DES MOINES. More than $116,000 in checks were issued this week to 221 Iowa cancer patients and their families. Almost all the Iowa recipients are receiving $525 under settlement of a multi-state antitrust case. Iowa and other states alleged Bristol-Myers Squibb illegally delayed lower-priced generic alternative versions of "Taxol" from entering the market from 1999-2003.
"This gets money back to consumers we alleged had to pay several hundred dollars more than was necessary for treatments," said Iowa Attorney General Tom Miller.
"Drug prices usually drop significantly when generic alternatives become available," Miller said. "This is one of several cases in which we alleged companies thwarted generic drugs and thus harmed consumers and taxpayers."
Nationally, 12,723 consumers are receiving a total of $7,242,114 in the "Taxol" case. The share to 221 Iowans or their families is $116,814. Taxol is a chemotherapy drug used in treatment of ovarian cancer, breast cancer, and other cancers.
The states alleged that Bristol-Myers Squibb Co. illegally thwarted entry into the market of lower-priced generic alternatives to Taxol. Taxol originally was developed and tested under the National Cancer Institute's direction at public expense until 1992. Then Bristol-Myers had five years of marketing exclusivity. The states allege the company fraudulently obtained patents for methods of administering the drug that resulted in unlawful maintenance of monopoly and delay of generic alternatives entering the market after 1997. Taxol's efficacy made it a major source of revenue for Bristol-Myers, with annual sales exceeding $1 billion by 1998.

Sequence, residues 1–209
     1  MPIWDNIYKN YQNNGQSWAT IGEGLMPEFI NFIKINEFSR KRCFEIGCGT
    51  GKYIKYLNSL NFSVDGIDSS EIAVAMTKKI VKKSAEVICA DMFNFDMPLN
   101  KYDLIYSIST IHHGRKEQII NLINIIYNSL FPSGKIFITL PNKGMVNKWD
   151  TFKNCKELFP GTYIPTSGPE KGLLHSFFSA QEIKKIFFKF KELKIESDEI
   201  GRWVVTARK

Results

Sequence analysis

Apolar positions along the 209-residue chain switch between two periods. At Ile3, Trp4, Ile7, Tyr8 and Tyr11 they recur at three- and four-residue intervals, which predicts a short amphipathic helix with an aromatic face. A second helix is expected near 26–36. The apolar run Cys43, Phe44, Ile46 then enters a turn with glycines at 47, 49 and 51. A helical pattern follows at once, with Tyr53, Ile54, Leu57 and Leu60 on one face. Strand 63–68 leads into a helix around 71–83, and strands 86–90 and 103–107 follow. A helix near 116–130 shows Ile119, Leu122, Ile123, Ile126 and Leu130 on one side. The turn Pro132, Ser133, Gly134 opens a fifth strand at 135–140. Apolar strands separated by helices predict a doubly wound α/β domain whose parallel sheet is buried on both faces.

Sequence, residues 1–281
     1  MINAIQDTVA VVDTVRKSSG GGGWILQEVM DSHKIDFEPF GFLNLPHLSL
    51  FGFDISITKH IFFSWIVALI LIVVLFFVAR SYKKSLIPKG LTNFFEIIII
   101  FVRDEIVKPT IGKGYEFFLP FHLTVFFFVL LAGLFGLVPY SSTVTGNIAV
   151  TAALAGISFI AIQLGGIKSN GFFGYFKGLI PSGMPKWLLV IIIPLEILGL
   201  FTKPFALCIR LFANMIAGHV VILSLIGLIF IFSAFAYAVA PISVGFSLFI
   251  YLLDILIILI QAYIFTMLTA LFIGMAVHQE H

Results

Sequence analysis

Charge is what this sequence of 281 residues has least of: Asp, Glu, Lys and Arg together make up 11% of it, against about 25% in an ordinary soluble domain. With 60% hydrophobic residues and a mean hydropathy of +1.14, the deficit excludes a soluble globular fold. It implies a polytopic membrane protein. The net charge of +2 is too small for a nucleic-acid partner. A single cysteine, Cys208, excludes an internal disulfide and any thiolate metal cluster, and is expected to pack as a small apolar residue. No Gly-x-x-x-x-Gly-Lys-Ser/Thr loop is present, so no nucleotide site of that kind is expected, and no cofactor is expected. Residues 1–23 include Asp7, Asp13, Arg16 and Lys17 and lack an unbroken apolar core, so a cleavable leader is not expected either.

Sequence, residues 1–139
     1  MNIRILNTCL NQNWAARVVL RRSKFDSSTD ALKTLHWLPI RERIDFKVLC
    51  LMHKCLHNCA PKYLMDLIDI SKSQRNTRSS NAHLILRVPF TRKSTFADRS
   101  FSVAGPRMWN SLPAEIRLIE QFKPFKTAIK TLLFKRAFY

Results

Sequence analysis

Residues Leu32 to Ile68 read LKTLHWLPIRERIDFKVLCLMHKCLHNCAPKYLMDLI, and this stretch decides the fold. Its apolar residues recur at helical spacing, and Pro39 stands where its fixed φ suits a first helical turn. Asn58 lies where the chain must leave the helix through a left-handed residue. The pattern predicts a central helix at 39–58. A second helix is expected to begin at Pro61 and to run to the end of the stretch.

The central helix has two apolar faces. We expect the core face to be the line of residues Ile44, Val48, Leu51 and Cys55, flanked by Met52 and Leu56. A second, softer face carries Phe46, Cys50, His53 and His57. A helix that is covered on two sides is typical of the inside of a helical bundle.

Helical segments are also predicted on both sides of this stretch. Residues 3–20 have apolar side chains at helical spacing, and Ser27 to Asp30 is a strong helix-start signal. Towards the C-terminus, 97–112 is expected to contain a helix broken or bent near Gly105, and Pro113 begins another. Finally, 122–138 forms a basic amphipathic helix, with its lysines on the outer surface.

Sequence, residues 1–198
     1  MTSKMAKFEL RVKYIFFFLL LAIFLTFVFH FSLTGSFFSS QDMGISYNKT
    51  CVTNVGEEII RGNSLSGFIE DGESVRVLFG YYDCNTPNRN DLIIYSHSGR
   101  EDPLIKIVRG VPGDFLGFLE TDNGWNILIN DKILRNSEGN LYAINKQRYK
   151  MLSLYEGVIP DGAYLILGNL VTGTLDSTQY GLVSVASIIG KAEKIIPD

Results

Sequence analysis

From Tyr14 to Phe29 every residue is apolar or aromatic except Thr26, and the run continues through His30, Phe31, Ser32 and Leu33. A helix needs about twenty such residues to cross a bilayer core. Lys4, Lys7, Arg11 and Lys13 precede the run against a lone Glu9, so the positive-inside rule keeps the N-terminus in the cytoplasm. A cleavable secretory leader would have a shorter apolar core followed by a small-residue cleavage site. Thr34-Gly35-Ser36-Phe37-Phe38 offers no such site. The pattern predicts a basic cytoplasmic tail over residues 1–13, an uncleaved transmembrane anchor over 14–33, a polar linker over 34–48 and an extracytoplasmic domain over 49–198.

The settlement agreement also contains strong injunctive relief for ten years to prevent Bristol-Myers from engaging in anti-competitive conduct in the future.
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